*pretty sure these were airsoft guns as they had the orange tip on the barrel, but they sure looked real, like this one:
Different strokes for different folks. I'll ride my bike up a mountain in the middle of the desert and you can practice shooting plastic bb's at your buddies.

Thursday, April 15, 2010


My last post was about the need to basically lighten my load on the bike if I'm going to reach my cycling goals for this season. It's common knowledge if you're a cyclist that your power to weight ratio is one of the most important factors in being fast on the bike. So, I've been focusing on that.

Yesterday the bathroom scale indicated 179*, so I've dropped five pounds thus far. Eleven more to go.

*yes, I even took off my wedding ring and socks....come on fess up, I know I'm not the only one that does this

Here's a summary of what I've been doing for nutrition:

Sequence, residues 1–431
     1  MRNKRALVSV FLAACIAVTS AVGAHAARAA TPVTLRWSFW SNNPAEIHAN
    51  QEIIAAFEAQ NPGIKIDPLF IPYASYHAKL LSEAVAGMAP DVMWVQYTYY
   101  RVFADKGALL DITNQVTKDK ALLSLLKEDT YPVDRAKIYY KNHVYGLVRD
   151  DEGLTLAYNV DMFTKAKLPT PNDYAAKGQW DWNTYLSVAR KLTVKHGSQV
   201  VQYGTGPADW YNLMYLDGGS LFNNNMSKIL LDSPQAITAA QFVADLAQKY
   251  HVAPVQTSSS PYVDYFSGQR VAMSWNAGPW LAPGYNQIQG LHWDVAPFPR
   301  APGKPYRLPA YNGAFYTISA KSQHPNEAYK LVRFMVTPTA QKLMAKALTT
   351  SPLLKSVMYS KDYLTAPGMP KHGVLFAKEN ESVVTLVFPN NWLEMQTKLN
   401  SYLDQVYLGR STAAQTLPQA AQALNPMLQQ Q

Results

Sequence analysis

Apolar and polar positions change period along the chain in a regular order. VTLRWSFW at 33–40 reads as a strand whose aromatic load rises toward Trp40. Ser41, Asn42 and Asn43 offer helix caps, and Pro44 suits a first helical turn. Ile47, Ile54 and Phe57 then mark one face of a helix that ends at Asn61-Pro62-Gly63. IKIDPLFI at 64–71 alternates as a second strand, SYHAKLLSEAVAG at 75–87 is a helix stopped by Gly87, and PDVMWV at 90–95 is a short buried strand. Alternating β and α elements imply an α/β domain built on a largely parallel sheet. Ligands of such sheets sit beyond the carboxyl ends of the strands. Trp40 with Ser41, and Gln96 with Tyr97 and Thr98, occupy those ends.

Eat a good breakfast. I like to drink a glass of skim milk when I first wake up (assuming I'm not riding that morning) to get things started. Then when I get to the office, it's usually a bowl of whole-grain oatmeal, some fruit (I usually keep frozen blueberries in the break room freezer) or maybe a banana. I also typically eat some fat free plain yogurt (I get the huge bucket of Mountain-land) sprinkled either with a bit of brown sugar or fruit. Often I'll change up the oatmeal for other types of whole-grain cereal such as cracked wheat or more recently Bob's Red Mill Buckwheat Cereal*. For variety, I'll eat hard boiled eggs without the yolk with some Frank's hot sauce.